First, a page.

The killing code by Ellie Marney

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Wow! Ellie Marney has done it again. I read The killing code in one sitting, drawn into the lives of four young women who are Government girls, working as code breakers in Washington in World War 2. Kit Sutherland, once a maid, has assumed the identity of her former employer, and is one of the code breakers. When her best friend Dottie does not come home from a dance she enlists the help of Moya, glamorous supervisor of the girls, to find out what has happened. She discovers Dottie drugged, but even more horrific, finds the body of another young woman who has been murdered. Determined to uncover the identity of the killer, she joins forces with Dottie, Moya and Violet, a young woman from the segregated section of the facility and they use all their code breaking powers and intelligence to bring the killer to justice. All the while Kit must keep the secret of her identity concealed, while hiding her attraction to Moya.

Marney has written a fascinating murder mystery with themes of feminism, racism, class inequality and queer romance all blended smoothly into the story. The friendship of the four girls stands out and their ability to help each other out in times of crisis and to cooperate together to solve the identity of a serial killer is a highlight of the book.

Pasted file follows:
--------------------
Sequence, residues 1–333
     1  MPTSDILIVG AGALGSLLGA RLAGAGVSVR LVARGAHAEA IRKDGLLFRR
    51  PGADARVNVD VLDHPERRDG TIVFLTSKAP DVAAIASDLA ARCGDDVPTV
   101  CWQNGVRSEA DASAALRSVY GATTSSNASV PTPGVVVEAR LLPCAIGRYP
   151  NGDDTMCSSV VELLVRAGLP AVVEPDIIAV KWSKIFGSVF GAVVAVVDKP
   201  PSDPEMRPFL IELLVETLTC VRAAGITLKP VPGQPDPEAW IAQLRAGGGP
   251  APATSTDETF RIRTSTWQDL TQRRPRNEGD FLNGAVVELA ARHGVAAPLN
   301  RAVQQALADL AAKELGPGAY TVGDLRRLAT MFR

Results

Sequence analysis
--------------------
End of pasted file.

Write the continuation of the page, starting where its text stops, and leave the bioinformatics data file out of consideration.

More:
I love the historical background of the story. It is fascinating to read about Arlington House and to discover that it was a real place where young women played a very important role in deciphering enemy codes, leading to many lives being saved in World War 2. At the beginning of each chapter is a quote about the decoding process from women who worked there at the time. It is evident that Marney spent a great deal of time researching the lives of these women, their clothes, and how they lived and worked together, and it certainly has made this a stand-out read for me. Marney has also included two puzzles for those who enjoy codebreaking at the end of her Author’s Note. An interview with her can be found here. 

Fans of the Bletchley Park series and The enigma game by Elizabeth Wein will love the code breaking aspects of The killing code, while readers who enjoy unravelling clues may like to read the Inheritance games series by Jennifer Lynn Barnes and The Westing game by Ellen Raskin. And of course all those fans of mysteries like A Good Girl’s Guide to Murder by Holly Jackson will delight in this well told, intriguing thriller. Teacher’s notes are available.

Themes: Historical Fiction, Young Adult Mystery, LGBT.

Pat Pledger